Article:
What You Need To Know About The Upcoming Montrose Crawl (And Then Some)

By | October 6, 2014
Attendees from last year’s crawl. Credit: The Montrose Crawl

The Montrose Crawl is one of Houston’s largest Halloween parties. What’s meant to be “adult trick-or-treating,” according to Jason Ginsburg, one of the crawl’s founders, is also a lot of work for a dedicated group of people that have watched it grow over the last eight years. As it has grown, so has its lore. For regular attendees and newcomers alike, here are some fun facts about The Montrose Crawl, its history as well as some tips on making it the best crawl it can be.

It all started in New York City
“The genesis of the Montrose Crawl comes from the Halloween parade in Greenwich Village, Manhattan,” says Ginsburg. “I lived in New York for a while. My friends and I always used to march in that parade.”

Ginsburg and his wife visited New York on their honeymoon, attending the storied Halloween parade in the Village and wanted to find something similar after returning home to Houston. Finding nothing in their home neighborhood of Montrose (which they felt had a similar vibe to the Village), the couple asked the owners of Catbirds and Poison Girl about “getting some people together to do a bar crawl on Halloween and having some drink specials to go along with it.” Their response: “Go wild!” And the rest, as they say, is history.

More creative costumes. Credit: The Montrose Crawl
More creative costumes. Credit: The Montrose Crawl

It’s not just tricks and treats
Though the crawl began as a fun bar crawl between friends, Ginsburg and other founders realized its growing popularity also meant growing liabilities.

“The whole thing turned out to be a lot of work for all of us involved,” he says. “The scariest thing about it was that we had attendees (who we call ‘crawlers’) walking across Westheimer near Boondocks at that blind curve.”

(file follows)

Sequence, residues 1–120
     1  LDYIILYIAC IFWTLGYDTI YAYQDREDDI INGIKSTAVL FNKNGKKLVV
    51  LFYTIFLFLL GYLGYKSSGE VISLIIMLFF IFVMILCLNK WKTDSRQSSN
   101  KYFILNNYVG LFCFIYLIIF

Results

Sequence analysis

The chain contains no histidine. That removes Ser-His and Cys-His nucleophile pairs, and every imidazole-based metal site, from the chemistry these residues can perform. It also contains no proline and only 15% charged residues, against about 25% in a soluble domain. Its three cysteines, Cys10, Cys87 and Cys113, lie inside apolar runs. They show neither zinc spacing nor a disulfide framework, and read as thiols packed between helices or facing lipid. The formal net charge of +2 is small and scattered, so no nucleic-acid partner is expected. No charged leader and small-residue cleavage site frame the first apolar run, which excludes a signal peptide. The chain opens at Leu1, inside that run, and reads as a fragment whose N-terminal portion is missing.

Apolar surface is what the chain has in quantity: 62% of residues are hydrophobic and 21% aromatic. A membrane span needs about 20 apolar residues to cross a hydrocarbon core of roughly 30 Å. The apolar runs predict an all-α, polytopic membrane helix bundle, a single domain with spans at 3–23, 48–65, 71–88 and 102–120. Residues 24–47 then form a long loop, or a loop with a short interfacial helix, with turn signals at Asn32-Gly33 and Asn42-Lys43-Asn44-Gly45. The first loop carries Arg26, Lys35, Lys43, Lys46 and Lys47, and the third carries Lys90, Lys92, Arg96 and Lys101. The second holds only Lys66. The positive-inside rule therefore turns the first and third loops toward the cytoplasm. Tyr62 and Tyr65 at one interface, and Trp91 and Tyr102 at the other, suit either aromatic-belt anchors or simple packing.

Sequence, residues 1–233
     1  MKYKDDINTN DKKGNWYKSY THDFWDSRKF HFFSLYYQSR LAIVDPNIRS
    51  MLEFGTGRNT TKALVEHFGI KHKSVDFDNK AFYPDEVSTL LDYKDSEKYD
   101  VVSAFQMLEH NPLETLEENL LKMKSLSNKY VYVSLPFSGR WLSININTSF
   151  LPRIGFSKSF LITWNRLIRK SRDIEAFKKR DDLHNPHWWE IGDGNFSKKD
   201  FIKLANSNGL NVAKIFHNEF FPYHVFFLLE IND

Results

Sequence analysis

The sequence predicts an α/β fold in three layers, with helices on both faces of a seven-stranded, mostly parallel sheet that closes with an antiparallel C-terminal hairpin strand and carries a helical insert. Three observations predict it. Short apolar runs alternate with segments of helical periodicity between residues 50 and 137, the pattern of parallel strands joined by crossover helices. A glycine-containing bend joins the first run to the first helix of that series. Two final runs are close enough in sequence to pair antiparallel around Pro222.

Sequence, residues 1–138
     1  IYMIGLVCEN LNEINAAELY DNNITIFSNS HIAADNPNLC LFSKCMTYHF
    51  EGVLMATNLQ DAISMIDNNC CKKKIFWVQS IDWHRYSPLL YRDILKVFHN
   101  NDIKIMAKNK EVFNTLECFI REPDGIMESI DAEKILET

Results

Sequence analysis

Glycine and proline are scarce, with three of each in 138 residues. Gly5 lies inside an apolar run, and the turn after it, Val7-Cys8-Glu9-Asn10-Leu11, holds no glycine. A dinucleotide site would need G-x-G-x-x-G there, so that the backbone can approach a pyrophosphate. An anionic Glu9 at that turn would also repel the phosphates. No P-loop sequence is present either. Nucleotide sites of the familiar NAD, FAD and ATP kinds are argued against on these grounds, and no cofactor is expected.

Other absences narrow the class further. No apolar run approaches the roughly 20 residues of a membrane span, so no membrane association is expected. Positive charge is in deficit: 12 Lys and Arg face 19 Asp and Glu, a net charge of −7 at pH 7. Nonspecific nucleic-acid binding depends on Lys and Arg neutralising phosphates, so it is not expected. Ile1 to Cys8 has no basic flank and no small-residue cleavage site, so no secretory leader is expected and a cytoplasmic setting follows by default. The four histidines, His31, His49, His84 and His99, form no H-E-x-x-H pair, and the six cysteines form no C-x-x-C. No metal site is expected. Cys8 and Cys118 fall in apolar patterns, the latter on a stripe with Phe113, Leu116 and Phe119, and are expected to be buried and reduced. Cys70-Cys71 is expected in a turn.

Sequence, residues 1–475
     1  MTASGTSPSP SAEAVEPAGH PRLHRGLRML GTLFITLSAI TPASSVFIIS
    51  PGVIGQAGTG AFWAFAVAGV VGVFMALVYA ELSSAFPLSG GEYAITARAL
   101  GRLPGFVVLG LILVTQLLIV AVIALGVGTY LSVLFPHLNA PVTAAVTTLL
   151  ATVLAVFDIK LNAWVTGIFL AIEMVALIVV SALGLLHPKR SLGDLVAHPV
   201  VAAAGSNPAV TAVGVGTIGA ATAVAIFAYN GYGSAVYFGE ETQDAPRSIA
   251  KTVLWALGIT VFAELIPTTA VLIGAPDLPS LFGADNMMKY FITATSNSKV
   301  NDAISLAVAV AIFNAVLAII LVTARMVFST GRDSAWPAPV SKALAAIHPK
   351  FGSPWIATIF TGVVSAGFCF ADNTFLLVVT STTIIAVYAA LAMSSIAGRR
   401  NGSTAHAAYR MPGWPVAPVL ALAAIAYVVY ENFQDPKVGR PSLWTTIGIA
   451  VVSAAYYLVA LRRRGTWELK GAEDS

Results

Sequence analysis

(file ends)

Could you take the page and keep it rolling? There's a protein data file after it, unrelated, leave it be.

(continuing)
Ginsburg, who is also a lawyer, realized the dangers and liabilities involved and decided to put security measures in place to protect crawlers in the following years. They offset security costs with sponsorships, which took plenty of manpower to secure.

“We thought, if we’re going to have to work so hard at this, let’s at least have it benefit a neighborhood charity,” he says.

The Montrose Crawl has since gone on to become a Texas non-profit corporation and participating bars donate a portion of the evening’s drink sales to Houston Area Women’s Center. Ginsburg estimates the event has raised over $25,000 collectively and is hoping for at least another $5,000 in donations from this year alone.

What (or who) is a grand crawler?
Since the crawl was inspired by a parade, a “grand crawler” is honored each year by the event. This year’s grand crawler is none other than chef Chris Shepherd of Underbelly. Grand crawler responsibilities include crowning a costume champion at the very end of the evening.

The inaugural grand crawler was Sue Lovell, former Houston City Council member, and someone whom Ginsburg credits with helping greatly grow the legitimacy and community profile of the Montrose Crawl.

The costume-contest-winning team from 2013. Credit: The Montrose Crawl
The costume-contest-winning team from 2013. Credit: The Montrose Crawl

How to crawl
In what can only be described as a loose structure, the crawl is very open-ended and easy to navigate at any point in the evening. The only suggestions are that crawlers join in the spirit of the holiday and sport a costume. The event is on Halloween itself, October 31.

This year the schedule is as follows: